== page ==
Grantbacks, Territorial Restraints and the Type of Follow-On Innovation: The 'But for...' Defence
42 Pages Posted: 25 Apr 2014 Last revised: 3 May 2014
Date Written: March 2014
We analyse the effect of grant-back clauses in licensing contracts. Because they require the licensee to “give back” further innovation to the licensor without compensation of for a compensation that is not linked to the value of the follow-on innovation, grantback clauses decrease the licensee’s ex post incentives to innovate, which is why competition authorities have expressed some concerns. The usual defence is that grantback clauses are required for the patent-owner to agree to license its technology: since familiarity with the technology increases the licensee’s ability to further innovate and improve on the original technology, the initial patent-holder might prefer not to license in the first place as follow-on innovation might make its own technology obsolete. We examine the validity of this “but for” defence. Under current EU Law, grant-back clauses that apply to “non-severable” (read “infringing”) innovations are considered to be innocuous while clauses that apply to “severable” innovations are much more likely to be frowned upon. We show that the current rule is questionable. In fact, grantback clauses do not increase the patent-holder’s incentives to license when non-severable innovations are at stake but they do when severable innovations are concerned – suggesting that the “but for” defence might be valid for severable innovations but not for non-severable ones. These results are obtained under the assumption that licensing contracts can legally contain territorial restrictions between the market served by the licensor and the market served by the licensee. We revisit the analysis under the alternative assumption that such territorial restraints cannot be enforced. For non-severable innovations, licensing of the basic technology still occurs both with and without a grantback clause. However, the owner of the basic technology is now strictly better off with a grant-back clause, while the licensee is worse off. With severable innovations, licensing can only occur without a grantback clause and provided that barriers to trade are sufficiently high. For parameters such that licensing occurs, the owner of the basic technology would actually strictly prefer not to use a grantback clause in the licensing contract. This further undermines the traditional “but for” defence and suggests a form of complementarity between territorial restraints and grantbacks.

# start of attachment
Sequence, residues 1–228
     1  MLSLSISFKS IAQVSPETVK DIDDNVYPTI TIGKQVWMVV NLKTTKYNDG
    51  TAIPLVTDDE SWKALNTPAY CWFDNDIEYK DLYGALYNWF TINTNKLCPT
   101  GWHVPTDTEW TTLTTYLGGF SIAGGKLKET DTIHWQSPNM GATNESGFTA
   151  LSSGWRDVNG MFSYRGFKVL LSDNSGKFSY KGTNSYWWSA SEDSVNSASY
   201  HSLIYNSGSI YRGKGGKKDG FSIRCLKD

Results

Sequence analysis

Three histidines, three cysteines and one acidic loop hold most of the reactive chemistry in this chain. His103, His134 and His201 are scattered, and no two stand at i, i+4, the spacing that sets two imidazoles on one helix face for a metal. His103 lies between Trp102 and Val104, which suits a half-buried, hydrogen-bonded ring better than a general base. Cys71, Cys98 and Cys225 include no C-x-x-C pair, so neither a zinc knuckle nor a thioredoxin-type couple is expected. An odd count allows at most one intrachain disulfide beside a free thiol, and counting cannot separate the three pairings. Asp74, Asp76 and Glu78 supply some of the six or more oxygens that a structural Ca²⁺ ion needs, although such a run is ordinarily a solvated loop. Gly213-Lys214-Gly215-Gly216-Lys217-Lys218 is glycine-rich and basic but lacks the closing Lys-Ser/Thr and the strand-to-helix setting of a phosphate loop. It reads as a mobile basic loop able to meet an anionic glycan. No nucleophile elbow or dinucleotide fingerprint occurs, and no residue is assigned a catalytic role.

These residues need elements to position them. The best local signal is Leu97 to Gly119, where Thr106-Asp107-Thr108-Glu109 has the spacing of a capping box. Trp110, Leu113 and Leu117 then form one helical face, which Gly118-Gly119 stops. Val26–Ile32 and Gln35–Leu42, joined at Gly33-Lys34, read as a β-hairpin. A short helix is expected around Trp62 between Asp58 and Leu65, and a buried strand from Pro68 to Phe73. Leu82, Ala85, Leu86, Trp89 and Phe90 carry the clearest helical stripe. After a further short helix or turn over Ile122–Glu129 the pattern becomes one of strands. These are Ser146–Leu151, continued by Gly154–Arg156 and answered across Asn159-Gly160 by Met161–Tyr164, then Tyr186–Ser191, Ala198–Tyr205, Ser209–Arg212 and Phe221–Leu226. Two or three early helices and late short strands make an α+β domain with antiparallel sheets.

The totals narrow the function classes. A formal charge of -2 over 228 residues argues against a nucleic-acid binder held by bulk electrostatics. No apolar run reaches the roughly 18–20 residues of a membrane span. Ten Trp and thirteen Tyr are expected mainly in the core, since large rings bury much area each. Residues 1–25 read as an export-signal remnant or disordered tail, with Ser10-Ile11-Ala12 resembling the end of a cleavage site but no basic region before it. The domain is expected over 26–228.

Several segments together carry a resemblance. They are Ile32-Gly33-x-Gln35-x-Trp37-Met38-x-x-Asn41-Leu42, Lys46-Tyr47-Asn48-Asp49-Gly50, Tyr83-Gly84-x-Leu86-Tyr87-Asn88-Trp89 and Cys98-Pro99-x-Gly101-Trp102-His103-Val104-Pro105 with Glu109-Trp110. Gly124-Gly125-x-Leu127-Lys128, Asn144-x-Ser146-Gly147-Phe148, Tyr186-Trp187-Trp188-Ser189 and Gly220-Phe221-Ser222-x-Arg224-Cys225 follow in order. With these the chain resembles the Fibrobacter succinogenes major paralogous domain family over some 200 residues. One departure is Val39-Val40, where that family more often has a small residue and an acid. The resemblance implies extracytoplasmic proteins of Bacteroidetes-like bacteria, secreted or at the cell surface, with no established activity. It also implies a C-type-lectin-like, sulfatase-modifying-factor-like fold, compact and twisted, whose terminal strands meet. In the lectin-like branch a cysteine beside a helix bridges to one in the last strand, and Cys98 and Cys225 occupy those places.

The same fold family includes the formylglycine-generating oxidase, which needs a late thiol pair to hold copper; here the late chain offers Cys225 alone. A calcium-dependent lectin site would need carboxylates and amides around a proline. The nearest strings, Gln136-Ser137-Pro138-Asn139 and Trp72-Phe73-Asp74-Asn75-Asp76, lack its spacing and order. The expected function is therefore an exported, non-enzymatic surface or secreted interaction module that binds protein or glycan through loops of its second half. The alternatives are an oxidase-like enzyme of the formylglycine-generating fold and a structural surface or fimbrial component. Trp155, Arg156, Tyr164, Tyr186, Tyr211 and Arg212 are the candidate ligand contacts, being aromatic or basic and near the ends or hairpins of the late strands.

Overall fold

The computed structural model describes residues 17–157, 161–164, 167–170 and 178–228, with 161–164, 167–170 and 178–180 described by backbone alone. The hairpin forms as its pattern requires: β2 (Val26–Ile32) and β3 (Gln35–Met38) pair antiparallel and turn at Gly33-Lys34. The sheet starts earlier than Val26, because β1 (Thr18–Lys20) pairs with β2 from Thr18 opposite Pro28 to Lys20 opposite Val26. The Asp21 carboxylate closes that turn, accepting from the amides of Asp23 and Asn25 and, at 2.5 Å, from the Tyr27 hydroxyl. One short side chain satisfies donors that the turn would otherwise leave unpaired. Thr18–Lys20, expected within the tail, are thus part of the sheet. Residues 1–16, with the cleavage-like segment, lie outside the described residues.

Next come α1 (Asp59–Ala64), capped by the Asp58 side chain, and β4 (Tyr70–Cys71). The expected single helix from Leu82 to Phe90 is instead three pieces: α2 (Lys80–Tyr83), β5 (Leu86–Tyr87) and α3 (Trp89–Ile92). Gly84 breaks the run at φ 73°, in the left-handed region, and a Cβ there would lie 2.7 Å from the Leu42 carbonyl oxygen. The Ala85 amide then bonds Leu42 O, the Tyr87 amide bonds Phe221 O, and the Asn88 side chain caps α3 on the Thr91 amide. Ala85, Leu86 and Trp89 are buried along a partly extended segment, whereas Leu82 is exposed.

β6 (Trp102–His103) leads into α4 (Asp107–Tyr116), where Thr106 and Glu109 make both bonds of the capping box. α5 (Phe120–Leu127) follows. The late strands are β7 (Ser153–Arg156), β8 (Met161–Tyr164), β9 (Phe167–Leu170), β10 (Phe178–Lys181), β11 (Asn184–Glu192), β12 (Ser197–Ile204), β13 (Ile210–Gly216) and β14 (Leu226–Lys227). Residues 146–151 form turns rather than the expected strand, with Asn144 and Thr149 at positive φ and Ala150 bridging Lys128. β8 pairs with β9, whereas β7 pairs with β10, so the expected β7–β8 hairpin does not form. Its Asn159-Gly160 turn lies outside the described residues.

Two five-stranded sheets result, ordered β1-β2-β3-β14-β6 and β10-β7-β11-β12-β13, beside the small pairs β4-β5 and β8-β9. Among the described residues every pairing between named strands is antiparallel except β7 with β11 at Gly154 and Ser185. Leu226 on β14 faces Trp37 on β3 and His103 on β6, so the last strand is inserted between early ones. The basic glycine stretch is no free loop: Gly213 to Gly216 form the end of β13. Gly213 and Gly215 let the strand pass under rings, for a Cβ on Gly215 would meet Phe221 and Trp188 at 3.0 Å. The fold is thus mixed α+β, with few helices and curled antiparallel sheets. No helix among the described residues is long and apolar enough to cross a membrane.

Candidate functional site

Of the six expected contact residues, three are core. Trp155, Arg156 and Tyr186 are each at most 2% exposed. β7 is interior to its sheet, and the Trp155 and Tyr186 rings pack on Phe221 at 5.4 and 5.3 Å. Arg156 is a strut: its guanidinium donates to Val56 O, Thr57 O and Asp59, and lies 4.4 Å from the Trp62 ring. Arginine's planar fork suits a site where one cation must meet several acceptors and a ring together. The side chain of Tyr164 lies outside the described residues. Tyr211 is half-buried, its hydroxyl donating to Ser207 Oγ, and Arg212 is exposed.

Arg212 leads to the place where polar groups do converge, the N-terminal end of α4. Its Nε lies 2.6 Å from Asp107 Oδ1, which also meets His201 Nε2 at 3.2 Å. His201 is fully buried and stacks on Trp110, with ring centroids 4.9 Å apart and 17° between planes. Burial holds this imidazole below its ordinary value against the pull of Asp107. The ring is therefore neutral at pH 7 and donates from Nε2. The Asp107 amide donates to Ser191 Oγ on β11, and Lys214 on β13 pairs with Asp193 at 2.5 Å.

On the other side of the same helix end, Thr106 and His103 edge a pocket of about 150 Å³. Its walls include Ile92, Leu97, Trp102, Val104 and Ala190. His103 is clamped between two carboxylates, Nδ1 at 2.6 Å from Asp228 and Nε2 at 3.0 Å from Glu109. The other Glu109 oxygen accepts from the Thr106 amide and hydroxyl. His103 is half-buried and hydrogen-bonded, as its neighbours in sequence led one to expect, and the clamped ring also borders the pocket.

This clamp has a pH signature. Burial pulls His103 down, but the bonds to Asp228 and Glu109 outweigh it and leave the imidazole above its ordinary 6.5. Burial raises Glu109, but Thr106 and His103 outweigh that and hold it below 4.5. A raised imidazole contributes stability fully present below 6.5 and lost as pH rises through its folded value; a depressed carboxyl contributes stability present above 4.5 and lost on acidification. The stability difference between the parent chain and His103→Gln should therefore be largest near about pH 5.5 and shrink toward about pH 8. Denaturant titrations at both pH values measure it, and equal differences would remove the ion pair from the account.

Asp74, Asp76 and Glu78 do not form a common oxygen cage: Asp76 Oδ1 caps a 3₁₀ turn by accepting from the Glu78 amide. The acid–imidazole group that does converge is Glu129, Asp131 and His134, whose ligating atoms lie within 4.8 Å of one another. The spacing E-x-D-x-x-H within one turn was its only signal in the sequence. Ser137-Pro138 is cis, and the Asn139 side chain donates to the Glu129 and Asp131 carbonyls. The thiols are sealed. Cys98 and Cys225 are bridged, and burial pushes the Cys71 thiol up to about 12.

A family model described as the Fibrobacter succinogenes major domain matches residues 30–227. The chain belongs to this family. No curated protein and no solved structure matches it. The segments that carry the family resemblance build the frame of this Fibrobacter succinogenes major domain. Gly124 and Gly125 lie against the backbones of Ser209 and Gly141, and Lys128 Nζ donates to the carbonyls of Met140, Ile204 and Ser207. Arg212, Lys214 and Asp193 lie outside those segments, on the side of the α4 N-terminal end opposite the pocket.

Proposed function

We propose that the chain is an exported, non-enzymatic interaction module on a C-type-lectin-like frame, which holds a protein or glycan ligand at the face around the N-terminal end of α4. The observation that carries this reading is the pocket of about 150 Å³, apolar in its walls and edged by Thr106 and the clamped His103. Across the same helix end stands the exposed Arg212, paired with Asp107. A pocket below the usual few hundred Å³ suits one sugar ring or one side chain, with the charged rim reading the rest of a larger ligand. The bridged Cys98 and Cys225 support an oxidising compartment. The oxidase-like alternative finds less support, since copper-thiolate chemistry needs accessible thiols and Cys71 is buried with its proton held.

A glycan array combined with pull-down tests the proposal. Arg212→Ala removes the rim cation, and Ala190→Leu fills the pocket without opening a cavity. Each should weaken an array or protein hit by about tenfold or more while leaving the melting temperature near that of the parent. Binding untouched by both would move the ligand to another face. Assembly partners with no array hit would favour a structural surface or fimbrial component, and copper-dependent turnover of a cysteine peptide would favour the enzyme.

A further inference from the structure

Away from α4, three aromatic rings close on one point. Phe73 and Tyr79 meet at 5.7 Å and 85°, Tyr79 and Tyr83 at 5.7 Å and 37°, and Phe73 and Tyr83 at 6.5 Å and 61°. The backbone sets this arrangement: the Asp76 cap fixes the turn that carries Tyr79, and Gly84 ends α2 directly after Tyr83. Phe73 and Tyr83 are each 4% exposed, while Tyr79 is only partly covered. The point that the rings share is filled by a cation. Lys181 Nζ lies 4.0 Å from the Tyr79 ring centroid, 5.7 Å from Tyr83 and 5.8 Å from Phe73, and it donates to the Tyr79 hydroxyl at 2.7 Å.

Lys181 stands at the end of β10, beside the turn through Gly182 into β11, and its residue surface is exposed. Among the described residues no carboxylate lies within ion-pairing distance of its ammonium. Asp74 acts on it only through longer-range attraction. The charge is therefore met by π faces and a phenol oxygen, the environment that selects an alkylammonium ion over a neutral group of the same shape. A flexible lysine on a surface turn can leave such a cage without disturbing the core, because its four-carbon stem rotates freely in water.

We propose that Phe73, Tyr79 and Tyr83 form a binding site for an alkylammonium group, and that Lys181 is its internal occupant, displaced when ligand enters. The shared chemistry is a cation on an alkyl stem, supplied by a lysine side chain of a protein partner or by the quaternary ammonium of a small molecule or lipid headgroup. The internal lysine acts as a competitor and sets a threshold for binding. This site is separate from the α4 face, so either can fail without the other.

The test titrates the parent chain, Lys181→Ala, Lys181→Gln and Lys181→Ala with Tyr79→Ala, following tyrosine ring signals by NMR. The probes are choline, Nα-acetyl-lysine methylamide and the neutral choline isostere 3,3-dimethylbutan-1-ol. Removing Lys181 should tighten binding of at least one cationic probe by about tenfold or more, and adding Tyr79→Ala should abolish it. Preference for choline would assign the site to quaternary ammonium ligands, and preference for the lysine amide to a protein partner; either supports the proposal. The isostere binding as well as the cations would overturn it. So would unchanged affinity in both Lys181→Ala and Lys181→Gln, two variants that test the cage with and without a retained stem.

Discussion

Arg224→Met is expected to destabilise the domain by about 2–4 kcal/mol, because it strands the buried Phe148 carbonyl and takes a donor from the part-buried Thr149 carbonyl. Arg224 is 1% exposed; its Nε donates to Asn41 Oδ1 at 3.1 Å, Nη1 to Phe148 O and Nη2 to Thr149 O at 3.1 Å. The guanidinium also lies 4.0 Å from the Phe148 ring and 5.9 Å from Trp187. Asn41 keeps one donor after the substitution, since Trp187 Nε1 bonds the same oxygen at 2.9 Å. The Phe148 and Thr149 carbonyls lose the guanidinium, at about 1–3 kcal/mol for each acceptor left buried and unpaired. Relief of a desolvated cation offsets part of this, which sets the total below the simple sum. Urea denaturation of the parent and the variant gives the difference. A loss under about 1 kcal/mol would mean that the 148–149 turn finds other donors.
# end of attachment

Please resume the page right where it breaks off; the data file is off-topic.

Keywords: licensing, grantback, innovation, competition policy
JEL Classification: K21, L24, O31
Suggested Citation: Suggested Citation